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USMNT has reason to feel good about future after Bolivia win, but don't get carried away

CHESTER, Pa. – For United States fans eager to usher in a new generation of players they hope will take them back to the World Cup after the misery of missing out on Russia 2018, Monday’s 3-0 win here against Bolivia couldn’t have gone much better.

Six Americans made their international debuts. Two of them, 18-year-olds Josh Sargent and Tim Weah – the first players born after 2000 to start for the men’s program – scored. They became the first set of teenagers to find the net in the same game since DaMarcus Beasley and Landon Donovan did it 16 years ago, according to stats guru Paul Carr of True Media Sports. Of course, Beasley and Donovan would go on to play in a combined seven World Cups for the USMNT, helping the U.S. reach the quarterfinals in 2002.

Add in central defender Walker Zimmerman’s first international strike on a header that opened the hosts’ account on Monday, yes, it was a banner night for the newcomers and the better future they represent.

“It’s a really big day for the young guys,” Weah gushed afterward.

“I don’t think anyone expected Tim and Josh to combine like they did up top,” added midfielder Weston McKennie, also 18. “I think they surprised a lot of people.”

That’s true. But with all due respect, the Bolivians really didn’t put up much resistance in this friendly match, which was played in front of a sleepy Memorial Day crowd of just under 12,000 in suburban Philadelphia. In other words, interim coach Dave Sarachan wasn’t exactly throwing the kids into a cauldron here.

“You have to take a lot of variables into account. Certainly the opponent is one,” Sarachan said about fielding such a green starting lineup.

“The way it played out allowed for the opportunity [for the youngsters] to settle in and not be overwhelmed and sort of have a little bit of a comfort level … I thought it would be a good opportunity for them.”

The United States’ young future core looked good against Bolivia, but there’s much more work ahead for Christian Pulisic and company. (Getty)

Bigger games await, though, and soon. On Tuesday, this fresh-faced U.S. squad will head to overseas for a far stiffer test on Saturday against Ireland. After that comes another match at mighty France, one of the favorites to win the World Cup this July, which rounds out the three-match exhibition slate.

As many as 10 changes to the roster are expected. But veterans like Michael Bradley, Alejandro Bedoya and Tim Ream won’t be among them. So Sarachan will still be forced to field a highly inexperienced team, one that has tons of work still to do despite their obvious talent and the good vibes floating around after Monday’s contest.

“They’re going to feel good about tonight, but when we go through the tape and I have meetings with guys and we talk, there’s a lot of room to get better,” Sarachan said.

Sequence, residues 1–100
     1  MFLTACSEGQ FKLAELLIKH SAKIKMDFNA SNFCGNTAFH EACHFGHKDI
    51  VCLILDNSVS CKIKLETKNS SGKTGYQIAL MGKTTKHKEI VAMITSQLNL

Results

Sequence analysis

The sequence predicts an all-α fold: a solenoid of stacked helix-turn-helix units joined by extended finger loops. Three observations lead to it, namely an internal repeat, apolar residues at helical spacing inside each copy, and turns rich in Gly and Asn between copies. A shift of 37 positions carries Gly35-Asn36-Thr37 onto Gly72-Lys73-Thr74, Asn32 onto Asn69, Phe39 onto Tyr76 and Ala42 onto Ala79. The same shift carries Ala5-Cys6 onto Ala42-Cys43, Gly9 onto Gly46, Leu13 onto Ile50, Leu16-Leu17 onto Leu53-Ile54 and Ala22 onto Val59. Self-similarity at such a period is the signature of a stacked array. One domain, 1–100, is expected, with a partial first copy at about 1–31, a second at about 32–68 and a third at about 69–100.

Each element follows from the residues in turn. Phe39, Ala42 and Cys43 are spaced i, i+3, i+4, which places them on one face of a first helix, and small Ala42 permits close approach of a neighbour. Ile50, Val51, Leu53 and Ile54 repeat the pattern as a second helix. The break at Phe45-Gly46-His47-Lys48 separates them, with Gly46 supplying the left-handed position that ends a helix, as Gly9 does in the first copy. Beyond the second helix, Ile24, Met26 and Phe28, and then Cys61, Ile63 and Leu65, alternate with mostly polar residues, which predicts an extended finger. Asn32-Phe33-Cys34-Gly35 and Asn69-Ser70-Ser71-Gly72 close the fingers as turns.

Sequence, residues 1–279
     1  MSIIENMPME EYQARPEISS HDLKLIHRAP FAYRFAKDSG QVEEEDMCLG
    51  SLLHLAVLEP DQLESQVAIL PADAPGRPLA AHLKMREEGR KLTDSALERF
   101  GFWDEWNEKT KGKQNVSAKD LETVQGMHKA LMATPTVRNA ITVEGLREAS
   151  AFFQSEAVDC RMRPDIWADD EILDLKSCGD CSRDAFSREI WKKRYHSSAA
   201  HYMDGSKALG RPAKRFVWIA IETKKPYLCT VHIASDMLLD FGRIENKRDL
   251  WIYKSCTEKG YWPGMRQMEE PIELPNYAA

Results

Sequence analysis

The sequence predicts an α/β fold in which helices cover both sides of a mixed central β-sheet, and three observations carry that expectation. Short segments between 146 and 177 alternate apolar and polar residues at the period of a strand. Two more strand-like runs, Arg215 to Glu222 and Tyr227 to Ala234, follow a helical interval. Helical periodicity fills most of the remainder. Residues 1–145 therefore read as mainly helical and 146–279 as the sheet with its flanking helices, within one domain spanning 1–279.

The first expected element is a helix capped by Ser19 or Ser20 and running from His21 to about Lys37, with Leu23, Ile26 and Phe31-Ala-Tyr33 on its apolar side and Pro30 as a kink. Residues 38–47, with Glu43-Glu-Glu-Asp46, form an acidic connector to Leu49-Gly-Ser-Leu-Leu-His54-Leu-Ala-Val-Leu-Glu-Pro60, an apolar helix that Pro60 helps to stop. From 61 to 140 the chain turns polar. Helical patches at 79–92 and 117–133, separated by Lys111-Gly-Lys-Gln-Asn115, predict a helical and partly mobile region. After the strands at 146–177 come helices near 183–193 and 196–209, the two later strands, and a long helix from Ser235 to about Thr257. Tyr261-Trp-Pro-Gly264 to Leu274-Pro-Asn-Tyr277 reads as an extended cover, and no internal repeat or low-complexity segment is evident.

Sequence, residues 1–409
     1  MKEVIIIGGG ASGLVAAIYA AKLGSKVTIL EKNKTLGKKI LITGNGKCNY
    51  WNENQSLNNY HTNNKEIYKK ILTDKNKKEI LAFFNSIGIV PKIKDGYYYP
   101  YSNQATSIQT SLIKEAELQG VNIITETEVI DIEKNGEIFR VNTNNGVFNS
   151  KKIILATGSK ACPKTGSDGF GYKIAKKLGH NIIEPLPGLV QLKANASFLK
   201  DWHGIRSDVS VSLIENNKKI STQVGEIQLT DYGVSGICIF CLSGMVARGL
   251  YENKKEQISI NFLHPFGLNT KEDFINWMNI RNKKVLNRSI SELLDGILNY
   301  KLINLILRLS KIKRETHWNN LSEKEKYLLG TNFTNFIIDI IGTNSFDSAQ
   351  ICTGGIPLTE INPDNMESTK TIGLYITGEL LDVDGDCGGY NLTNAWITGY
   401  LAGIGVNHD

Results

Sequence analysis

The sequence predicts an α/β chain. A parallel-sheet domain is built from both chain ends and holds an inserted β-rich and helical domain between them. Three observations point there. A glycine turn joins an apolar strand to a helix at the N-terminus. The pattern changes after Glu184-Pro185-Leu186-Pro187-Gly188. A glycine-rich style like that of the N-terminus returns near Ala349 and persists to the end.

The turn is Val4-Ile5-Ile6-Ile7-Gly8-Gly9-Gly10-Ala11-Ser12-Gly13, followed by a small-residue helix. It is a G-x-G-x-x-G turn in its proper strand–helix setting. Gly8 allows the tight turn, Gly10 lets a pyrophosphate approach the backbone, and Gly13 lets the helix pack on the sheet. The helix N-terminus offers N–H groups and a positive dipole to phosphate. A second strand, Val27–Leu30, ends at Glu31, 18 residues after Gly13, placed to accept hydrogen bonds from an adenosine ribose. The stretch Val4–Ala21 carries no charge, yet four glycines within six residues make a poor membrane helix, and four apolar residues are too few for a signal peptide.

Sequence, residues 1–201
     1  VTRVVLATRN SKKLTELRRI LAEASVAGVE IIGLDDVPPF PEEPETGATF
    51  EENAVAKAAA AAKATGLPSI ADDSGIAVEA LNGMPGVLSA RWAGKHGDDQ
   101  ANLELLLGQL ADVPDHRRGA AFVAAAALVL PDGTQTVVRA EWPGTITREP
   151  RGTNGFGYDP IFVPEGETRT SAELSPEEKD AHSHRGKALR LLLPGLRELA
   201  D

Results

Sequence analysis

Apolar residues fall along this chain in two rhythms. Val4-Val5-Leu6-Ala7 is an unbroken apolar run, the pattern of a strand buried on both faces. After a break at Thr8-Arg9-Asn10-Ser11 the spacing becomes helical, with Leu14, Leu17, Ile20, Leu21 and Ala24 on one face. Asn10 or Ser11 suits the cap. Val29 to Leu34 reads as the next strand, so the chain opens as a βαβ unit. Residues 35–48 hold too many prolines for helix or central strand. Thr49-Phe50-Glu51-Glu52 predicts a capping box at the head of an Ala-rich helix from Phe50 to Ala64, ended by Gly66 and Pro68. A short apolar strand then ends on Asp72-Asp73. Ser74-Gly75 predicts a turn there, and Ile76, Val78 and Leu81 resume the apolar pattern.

“I thought in the first half we had a number of opportunities to put away some chances and I thought we looked young in terms of patience and quality. And that’s exactly what these games are about. You hope that the next time these players are in those situations … it becomes an experience they can draw on.”

That doesn’t just go for the debutants.

Sargent and Weah have barely featured for European clubs Werder Bremen and Paris Saint-Germain, respectively — Sargent wasn’t eligible to play for Bremen’s first team last season because of his age, and Weah made just two appearances (one start) for PSG — so mistakes and nervous moments were expected. But even more established youngsters like Schalke regular McKennie and Borussia Dortmund standout Christian Pulisic will grow also into better, more complete players if everything goes to plan.

“What you see in many of them is a good starting point, but there’s still a lot of room for each and every player,” Sarachan said. “That goes for Christian all the way through Weston all the way through Josh.”

To their credit, the young guns themselves seem to know that. They’re also aware that the next set of games won’t be nearly as easy.

“Obviously they’re going to be a lot tougher,” said McKennie of the next two tilts. “You can’t compare Bolivia with France.”

Weah’s early nerves were plain to see on Monday. He squandered a good chance in the first half before settling down and finishing Antonee Robinson’s inch-perfect cross in the second.

“Once you get the feel of [playing for the national team], you’re just more comfortable,” Weah said.

“I’m super happy but I don’t want to get too ahead of myself,” he added. “I know there are other games we have to play.

“Tomorrow’s a new day.”

Doug McIntyre covers soccer for Yahoo Sports. Follow him on Twitter @ByDougMcIntyre.

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